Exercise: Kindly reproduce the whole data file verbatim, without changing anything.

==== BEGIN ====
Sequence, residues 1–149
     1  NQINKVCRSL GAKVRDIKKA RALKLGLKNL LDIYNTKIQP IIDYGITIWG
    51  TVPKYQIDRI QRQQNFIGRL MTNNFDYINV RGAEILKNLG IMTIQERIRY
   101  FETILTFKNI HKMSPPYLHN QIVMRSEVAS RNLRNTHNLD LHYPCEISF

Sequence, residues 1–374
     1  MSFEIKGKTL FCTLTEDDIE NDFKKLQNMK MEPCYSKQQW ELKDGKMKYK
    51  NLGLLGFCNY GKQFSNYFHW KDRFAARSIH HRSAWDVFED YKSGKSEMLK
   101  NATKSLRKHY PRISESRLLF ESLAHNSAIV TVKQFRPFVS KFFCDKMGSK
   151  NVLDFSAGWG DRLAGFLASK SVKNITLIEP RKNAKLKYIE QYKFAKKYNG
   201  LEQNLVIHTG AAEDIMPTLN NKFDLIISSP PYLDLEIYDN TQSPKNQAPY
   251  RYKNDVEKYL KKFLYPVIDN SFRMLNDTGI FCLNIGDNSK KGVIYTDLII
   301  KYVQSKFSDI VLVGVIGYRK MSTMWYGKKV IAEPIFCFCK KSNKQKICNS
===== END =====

Sequence, residues 1–149
     1  NQINKVCRSL GAKVRDIKKA RALKLGLKNL LDIYNTKIQP IIDYGITIWG
    51  TVPKYQIDRI QRQQNFIGRL MTNNFDYINV RGAEILKNLG IMTIQERIRY
   101  FETILTFKNI HKMSPPYLHN QIVMRSEVAS RNLRNTHNLD LHYPCEISF

Sequence, residues 1–374
     1  MSFEIKGKTL FCTLTEDDIE NDFKKLQNMK MEPCYSKQQW ELKDGKMKYK
    51  NLGLLGFCNY GKQFSNYFHW KDRFAARSIH HRSAWDVFED YKSGKSEMLK
   101  NATKSLRKHY PRISESRLLF ESLAHNSAIV TVKQFRPFVS KFFCDKMGSK
   151  NVLDFSAGWG DRLAGFLASK SVKNITLIEP RKNAKLKYIE QYKFAKKYNG
   201  LEQNLVIHTG AAEDIMPTLN NKFDLIISSP PYLDLEIYDN TQSPKNQAPY
   251  RYKNDVEKYL KKFLYPVIDN SFRMLNDTGI FCLNIGDNSK KGVIYTDLII
   301  KYVQSKFSDI VLVGVIGYRK MSTMWYGKKV IAEPIFCFCK KSNKQKICNS